31 Aug 2018
The Hero Complex
The world needs us! We can save the world! We know what's best! And other western myths.
Let's talk about the elephant in the room. It’s a complex subject but we want to try address it as best we can.
We are two young ladies that have grown up in New Zealand, not Bangladesh. Our heritage is predominantly western cultural values, and although Emily shares a dual heritage of Chinese, one Asian understanding doesn’t translate across all Asian cultures. We both speak English. The odds kinda sound like we might be on the road to having a Saviour Complex or two.
To be very simplistic, our options are either; do something or don’t. So if we do, how can we best prevent the negative consequences of THC?
First, we need to really get to the absolute core and root of our motivation.
Are we starting Reemi out of guilt of our own privilege? Are we needing significance and to stroke our own ego? Do we find our identity in being a hero? Do we have a need to be needed?
If we start from any of these places of motivation, it’s not going to lead us down a very helpful track; pride becomes the prize. We want to walk a different way.
Listen: Which means not assuming we know the answers. Our first actionable step, is that we actually listen to women we are partnering with to understand both their needs, their assets and what they want (not just what they need).
Partnerships: Rocking up to Bangladesh on our own with our suitcases in tow, is probably about the worst idea ever. We need to build partnerships with organisations that already exist and are already doing amazing work before we book our one-way ticket. We are grateful to have established relationships with incredible local organisations.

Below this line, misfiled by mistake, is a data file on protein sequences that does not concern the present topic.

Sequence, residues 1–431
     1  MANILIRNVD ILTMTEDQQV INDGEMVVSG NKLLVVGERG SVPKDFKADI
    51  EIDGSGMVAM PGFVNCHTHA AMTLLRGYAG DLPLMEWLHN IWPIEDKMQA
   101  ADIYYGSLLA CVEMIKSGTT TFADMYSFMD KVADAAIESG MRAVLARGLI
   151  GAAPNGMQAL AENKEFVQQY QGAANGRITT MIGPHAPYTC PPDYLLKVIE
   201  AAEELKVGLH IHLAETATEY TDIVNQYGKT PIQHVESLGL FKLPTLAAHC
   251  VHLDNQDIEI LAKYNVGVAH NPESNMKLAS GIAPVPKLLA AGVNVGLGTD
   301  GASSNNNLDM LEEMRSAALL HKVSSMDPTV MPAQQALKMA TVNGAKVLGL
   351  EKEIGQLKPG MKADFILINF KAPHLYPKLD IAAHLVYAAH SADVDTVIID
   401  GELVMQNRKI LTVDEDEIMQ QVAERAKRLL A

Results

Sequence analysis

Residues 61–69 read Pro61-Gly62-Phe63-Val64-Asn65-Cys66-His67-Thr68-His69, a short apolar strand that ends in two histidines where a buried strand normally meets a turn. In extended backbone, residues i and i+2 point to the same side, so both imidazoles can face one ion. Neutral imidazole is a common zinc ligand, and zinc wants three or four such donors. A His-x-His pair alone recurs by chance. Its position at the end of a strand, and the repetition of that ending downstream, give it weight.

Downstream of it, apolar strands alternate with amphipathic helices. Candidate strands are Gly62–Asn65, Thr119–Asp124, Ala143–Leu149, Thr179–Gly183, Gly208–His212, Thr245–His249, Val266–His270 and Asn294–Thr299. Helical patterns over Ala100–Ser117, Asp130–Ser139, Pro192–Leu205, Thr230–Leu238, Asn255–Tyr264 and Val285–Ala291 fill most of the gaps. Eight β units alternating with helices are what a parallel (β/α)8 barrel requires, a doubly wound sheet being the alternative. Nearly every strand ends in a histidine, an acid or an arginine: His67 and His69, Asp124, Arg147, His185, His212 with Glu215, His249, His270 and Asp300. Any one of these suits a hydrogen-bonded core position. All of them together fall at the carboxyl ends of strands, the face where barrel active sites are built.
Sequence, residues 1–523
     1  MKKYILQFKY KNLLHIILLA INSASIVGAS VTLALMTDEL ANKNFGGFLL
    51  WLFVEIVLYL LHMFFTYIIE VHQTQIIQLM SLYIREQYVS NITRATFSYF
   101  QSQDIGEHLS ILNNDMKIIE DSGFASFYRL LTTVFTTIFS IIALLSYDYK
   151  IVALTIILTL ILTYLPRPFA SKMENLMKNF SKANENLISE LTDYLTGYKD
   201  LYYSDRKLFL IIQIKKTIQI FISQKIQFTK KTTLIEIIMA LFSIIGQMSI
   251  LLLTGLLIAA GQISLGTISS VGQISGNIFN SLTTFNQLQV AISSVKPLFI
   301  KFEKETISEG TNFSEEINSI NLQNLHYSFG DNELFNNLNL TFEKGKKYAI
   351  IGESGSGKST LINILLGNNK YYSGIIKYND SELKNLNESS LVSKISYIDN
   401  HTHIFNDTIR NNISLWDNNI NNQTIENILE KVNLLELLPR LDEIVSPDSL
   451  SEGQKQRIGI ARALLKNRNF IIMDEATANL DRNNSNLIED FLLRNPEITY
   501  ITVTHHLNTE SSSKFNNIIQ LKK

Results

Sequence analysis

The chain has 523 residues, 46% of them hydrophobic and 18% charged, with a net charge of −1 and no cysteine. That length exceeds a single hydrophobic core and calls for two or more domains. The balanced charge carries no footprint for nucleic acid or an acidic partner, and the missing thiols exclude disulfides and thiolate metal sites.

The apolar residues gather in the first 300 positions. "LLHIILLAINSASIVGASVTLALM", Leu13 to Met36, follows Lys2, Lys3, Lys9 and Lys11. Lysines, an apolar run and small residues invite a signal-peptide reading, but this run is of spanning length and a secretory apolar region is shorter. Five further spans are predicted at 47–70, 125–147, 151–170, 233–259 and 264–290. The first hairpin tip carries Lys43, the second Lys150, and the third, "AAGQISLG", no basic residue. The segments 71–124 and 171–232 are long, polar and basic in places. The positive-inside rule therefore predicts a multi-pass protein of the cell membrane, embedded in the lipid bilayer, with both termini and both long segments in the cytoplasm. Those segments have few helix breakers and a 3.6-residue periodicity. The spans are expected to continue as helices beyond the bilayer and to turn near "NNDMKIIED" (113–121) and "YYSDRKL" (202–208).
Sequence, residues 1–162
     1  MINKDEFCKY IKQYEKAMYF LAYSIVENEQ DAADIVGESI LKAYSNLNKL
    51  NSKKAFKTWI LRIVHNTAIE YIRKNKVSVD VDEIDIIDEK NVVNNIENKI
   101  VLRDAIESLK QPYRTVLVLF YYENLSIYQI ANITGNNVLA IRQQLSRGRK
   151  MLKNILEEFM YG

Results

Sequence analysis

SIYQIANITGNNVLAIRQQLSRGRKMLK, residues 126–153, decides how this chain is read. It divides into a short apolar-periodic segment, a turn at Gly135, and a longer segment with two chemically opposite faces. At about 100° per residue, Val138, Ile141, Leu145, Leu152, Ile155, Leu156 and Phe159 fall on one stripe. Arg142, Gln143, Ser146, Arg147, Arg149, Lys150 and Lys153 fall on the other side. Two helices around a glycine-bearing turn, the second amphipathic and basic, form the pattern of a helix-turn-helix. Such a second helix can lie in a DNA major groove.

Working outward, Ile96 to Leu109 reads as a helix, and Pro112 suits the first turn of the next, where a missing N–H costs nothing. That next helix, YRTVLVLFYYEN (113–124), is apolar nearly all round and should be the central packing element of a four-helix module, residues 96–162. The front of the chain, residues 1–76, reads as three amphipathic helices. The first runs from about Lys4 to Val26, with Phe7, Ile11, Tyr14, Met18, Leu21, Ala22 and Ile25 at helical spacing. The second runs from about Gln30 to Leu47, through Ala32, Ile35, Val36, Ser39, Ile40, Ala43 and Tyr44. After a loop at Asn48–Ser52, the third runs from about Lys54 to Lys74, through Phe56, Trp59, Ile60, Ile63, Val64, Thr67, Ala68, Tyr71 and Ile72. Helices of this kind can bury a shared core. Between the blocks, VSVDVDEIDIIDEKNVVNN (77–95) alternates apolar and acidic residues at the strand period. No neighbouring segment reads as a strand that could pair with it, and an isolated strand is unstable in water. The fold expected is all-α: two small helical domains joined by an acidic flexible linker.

Humility: The antidote to pride is humility. We don’t know the answers and therefore, shouldn’t presume we do. It means asking for help and relying on other people. Interdependence is the true goal and you’re never going to truly serve people, if you are the only one giving.
Language: We want to be vigilant in avoiding the "Us and Them" narrative. We want to talk about serving & partnering, not helping. Our intent is to use language that is about the beauty we encounter and not about us being the hero at the end of a story. We want to get out of the way.
Relationships: One of the heartaches we see from the culture of fundraising is that numbers become the ultimate goal. We need to report back about the number of women we have impacted. Not the quality. We know that building relationships will see the most effective long-term change and that doesn't happen overnight. How can we best measure "impact" for donors?
In essence, we can’t do this on our own. We need your help. We want to invest time and resources into research and interviews, to meet with women in the communities we are working alongside and to really listen. We want to test our idea and see if it fits, and not presume we know what is best.
Thankfully, we are doing this in partnership. As we work alongside other organisations, we will also be spending time learning from them and giving back before we dive right in.
Follow our journey as we work this out, and step into this adventure with a listening posture.
Ps. Are we getting it wrong? Let us know. Send us an email if you spot language, ideas or thoughts that might re-emphasize THC.